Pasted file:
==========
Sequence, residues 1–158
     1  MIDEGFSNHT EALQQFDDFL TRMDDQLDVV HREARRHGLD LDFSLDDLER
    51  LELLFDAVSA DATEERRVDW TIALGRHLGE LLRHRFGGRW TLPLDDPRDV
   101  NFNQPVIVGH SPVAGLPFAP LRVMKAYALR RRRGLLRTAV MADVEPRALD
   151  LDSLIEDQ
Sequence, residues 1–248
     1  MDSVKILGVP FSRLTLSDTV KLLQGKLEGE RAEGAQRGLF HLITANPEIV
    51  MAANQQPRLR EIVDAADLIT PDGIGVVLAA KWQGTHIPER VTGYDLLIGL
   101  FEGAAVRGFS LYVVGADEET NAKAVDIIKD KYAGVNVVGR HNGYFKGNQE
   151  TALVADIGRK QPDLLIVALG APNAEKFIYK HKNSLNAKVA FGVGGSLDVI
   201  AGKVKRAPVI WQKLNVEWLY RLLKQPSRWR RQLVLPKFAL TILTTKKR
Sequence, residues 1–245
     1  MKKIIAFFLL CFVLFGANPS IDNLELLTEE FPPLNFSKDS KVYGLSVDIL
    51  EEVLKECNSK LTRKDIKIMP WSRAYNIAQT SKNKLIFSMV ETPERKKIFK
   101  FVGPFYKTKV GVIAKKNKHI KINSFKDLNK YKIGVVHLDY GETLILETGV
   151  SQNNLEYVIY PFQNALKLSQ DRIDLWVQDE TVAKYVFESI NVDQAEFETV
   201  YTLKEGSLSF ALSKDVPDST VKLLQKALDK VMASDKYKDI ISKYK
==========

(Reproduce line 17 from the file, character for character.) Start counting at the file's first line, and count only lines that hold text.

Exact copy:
   201  YTLKEGSLSF ALSKDVPDST VKLLQKALDK VMASDKYKDI ISKYK